Glasse, who had succeeded his father as rector, enjoyed some recognition as a Classical scholar, novelist and author, translating Milton into Greek and contributing humorous Latin versions of popular songs to The Gentleman’s Magazine. He borrowed money to carry out the work at Brent Lodge, hoping to profit by selling it on to a wealthy owner. But he failed to find a buyer and had to take out a further loan from a City bank to cover his debts. Writer and diarist Hester Thrale, whom we encountered at Streatham Park on Ring 5, records that Glasse inadvertently left this money in a cab when he stopped off for a meal at a famous coaching inn of the day, the Bull and Mouth in St Martins Le Grand, and hanged himself in despair when he realised what he’d done. In a final twist, the honest cabbie returned the lost property to the pub the following day.

Ownership of the estate eventually passed through marriage back to Montague Sharpe, the heir of Hanwell Park, the manor from which it had been carved. Sharpe sold Churchfields to the Hanwell Urban District Council for use as a public park in 1898, then sold Brent Lodge to its successor Ealing Borough Council in 1931. Between them, Brent Lodge Park and Churchfields now total 16 ha of formal parkland, open grassland, historic gardens, woodland patches and riverside meadows.

After the viaduct, the Brent bends west and the Capital Ring follows it, with Churchfields stretching out to the right. Before Glasses’s alterations, this was glebe land originally allocated to provide a living for the parish priest, and you can still just about imagine it as water meadows. The Brent River Park Walk takes an alternative route here, on an old diagonal path northwest across Churchfields which once linked the church with the Uxbridge Road. Entering Brent Lodge Park past a hedge, the Ring continues to track the meandering Brent along the edge of the lawns and meadows, but you may prefer to follow the unofficial Green London Way by keeping left along the main surfaced path which takes you through the more formal garden areas and past several key features of interest.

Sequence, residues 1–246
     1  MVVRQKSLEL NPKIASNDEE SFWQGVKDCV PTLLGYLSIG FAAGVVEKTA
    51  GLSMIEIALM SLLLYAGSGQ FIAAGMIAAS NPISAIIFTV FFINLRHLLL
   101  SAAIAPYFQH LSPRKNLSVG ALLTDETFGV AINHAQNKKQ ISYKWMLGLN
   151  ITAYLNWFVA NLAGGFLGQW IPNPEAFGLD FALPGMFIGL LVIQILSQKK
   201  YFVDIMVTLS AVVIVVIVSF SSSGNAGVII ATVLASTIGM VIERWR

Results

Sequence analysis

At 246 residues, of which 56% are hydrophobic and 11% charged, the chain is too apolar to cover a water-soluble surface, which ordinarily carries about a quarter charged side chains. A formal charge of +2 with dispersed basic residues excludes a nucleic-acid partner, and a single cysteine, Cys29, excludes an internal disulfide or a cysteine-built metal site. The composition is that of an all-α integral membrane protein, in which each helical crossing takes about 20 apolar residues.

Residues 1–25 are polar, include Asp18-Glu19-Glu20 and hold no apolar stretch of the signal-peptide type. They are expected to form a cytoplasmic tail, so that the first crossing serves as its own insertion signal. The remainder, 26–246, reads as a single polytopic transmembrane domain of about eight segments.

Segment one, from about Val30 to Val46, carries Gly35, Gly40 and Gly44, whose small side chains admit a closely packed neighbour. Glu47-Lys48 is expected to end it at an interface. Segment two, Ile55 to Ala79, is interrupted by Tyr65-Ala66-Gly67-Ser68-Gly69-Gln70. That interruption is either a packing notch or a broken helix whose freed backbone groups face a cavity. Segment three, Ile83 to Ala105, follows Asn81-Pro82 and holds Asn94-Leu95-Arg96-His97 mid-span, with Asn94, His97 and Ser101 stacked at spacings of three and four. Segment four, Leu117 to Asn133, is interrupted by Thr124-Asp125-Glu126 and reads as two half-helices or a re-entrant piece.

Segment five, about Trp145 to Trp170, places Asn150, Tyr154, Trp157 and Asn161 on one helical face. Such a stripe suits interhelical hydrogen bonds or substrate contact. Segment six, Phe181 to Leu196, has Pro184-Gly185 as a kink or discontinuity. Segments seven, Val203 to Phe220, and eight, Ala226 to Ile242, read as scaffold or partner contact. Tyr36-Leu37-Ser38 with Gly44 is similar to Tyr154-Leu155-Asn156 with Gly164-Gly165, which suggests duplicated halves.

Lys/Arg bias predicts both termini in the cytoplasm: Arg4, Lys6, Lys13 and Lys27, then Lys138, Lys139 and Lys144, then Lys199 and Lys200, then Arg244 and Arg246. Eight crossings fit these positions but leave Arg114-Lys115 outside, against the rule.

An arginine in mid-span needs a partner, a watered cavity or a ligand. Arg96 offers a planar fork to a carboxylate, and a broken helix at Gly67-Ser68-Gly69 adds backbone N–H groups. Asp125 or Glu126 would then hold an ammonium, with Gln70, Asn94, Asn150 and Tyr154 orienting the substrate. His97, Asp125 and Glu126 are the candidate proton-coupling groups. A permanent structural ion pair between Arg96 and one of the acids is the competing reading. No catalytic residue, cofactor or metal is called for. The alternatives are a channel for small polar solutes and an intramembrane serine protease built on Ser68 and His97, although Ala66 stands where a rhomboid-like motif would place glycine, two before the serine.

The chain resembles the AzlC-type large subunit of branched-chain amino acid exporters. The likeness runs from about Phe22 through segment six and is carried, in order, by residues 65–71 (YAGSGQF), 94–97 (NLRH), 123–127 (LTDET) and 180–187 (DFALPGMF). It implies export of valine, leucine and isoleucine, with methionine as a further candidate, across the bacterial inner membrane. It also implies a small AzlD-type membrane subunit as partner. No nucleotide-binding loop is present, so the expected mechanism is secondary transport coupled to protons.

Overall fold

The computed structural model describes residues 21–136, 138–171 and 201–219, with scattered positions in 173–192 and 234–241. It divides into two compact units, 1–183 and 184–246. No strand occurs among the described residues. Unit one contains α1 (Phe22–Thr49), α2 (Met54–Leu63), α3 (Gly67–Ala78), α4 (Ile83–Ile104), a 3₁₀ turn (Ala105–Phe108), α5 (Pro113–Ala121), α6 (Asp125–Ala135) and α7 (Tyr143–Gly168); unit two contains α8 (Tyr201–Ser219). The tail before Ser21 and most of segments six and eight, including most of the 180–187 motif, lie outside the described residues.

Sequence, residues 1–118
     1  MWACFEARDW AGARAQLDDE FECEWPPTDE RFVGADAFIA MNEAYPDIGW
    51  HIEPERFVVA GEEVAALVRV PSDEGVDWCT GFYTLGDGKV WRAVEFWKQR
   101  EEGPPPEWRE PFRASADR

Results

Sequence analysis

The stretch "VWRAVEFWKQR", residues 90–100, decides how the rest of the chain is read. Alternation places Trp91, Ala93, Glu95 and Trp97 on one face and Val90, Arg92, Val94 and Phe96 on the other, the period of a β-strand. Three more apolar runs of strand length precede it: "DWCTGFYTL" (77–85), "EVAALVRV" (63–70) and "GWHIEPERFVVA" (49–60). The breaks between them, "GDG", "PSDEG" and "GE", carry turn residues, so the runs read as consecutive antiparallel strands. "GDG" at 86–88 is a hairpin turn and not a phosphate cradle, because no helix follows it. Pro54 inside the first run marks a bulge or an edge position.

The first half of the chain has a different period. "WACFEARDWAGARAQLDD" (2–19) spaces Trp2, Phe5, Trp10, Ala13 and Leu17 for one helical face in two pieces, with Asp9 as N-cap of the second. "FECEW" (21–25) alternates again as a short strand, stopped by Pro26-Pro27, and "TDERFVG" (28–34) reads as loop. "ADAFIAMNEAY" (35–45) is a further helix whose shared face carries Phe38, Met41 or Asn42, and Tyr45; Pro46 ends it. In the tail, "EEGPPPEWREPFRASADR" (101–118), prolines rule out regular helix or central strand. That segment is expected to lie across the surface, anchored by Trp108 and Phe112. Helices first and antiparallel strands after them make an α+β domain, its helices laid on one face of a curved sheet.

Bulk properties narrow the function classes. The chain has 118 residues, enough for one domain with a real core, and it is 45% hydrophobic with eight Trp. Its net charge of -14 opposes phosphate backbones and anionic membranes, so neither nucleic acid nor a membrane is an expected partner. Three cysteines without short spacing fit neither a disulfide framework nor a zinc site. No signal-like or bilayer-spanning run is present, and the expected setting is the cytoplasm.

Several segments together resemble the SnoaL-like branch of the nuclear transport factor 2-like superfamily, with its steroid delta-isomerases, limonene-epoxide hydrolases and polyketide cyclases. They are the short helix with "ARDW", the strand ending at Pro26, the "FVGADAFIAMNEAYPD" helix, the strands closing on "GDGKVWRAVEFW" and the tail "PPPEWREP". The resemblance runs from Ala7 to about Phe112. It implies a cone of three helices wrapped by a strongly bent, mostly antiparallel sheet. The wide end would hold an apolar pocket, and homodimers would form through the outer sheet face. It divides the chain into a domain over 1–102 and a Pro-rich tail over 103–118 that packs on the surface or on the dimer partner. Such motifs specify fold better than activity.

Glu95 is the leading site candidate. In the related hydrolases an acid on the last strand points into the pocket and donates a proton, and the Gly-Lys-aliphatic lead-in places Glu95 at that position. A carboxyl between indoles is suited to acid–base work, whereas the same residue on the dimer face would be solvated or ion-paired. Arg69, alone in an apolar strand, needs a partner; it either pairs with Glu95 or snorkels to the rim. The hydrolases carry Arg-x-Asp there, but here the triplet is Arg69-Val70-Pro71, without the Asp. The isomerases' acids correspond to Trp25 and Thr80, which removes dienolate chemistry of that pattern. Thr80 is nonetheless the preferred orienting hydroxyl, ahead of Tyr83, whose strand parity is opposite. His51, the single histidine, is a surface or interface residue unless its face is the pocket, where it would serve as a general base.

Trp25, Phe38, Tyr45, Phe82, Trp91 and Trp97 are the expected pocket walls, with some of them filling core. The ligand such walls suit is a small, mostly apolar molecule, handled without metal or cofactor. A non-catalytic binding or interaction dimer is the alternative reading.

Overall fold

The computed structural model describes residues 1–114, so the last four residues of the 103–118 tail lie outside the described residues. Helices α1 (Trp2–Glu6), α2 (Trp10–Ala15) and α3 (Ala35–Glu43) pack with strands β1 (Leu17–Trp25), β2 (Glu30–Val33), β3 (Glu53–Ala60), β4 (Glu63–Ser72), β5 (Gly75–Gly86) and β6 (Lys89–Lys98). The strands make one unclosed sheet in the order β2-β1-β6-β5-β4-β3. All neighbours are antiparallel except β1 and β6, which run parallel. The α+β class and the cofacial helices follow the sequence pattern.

First there’s the entrance to the Millennium Maze, also visible from the riverside route: constructed of exactly 2,000 yew trees, this was opened in May 2000 on the former site of a bowling green and tennis courts. Brent Lodge house itself once stood just northeast of here but was demolished after a serious fire in 1936. The site is now occupied by a park café and the park’s most celebrated feature, Hanwell Zoo, which explains local nickname Bunny Park. The zoo, formerly known as Brent Lodge Park Animal Centre, grew from aviaries established in the 1960s, became an official licensed zoo in 1975 and has expanded several times since, though it’s still one of the smallest zoos in the country. Admission was free for most of its history, but this was too good to be true in the age of austerity, so charges, still relatively modest, were introduced in 2017. The collection includes water birds, butterflies, exotic amphibians and small mammals like lemurs, mara, meerkats and pygmy goats and pigs.

To the north of the zoo is a yellow brick two-storey stable block originally built for Glasse in the late 18th or early 19th century and now Grade II-listed: this, and parts of a wall running between the block and the zoo, are the only substantial buildings surviving from the historic estate. Opposite are formal gardens with a more recent park shelter.